Pretty soon the train stopped. The passengers made a rush to get in the cars. Bob, the boy, caught up the handle of Squinty’s box, and, after some bumping and tilting sideways, the little pig found himself set down in a rather dark place, for the boy had put the box on the floor of the car by his seat, near his feet.
And there Squinty rode, seeing nothing, but hearing many strange noises, until, after many stops, he was lifted up again.
“Here we are!” the little pig heard the children’s papa say. “Have you everything? Don’t forget your pig, Bob.”
“I won’t,” answered the boy, with a jolly laugh.
“Well, I wonder what will happen next?” thought Squinty, as he felt himself being carried along again. He could see nothing but a crowd of persons all about the boy who carried the box.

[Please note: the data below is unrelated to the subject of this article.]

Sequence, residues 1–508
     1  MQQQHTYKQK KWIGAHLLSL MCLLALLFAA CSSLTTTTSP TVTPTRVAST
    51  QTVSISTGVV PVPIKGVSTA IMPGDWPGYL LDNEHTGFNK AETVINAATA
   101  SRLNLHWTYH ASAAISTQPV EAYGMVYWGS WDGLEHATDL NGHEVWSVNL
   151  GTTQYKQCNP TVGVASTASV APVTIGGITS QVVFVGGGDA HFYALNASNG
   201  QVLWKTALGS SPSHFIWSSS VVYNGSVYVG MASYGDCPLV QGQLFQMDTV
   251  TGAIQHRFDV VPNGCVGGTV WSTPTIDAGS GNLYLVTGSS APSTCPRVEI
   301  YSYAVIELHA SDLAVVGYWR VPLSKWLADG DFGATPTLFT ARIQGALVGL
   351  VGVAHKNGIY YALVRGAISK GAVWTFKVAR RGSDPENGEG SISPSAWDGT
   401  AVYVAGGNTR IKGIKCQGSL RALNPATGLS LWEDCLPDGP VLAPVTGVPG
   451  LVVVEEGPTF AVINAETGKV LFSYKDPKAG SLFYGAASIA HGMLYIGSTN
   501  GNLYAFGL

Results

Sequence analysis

“I don’t know whether I am going to like this or not—this coming to live in town,” thought the little pig. “Still, I cannot help myself, I suppose. But I do wish I had something to eat.”
I guess the boy must have known Squinty was hungry, for, when he next set down the box, this time in a carriage, the boy gave the little pig a whole apple to eat. And how good it did taste to Squinty!
“Are you going to make a pen for him?” asked one of the boy’s sisters, as the carriage drove off.
“Yes, as soon as we get to the house,” said the boy.
By this time Squinty was thirsty. There was no water in his cage, but, a little later, when he saw through the slats, that he was being carried toward a large, white house, he was given a tin of water to drink.
“I’ll just leave him in that box until I can fix a larger one for him,” the boy said, and then, for a while, Squinty was left all to himself. But he was still in the box, though the box was set in a shady place on the back porch.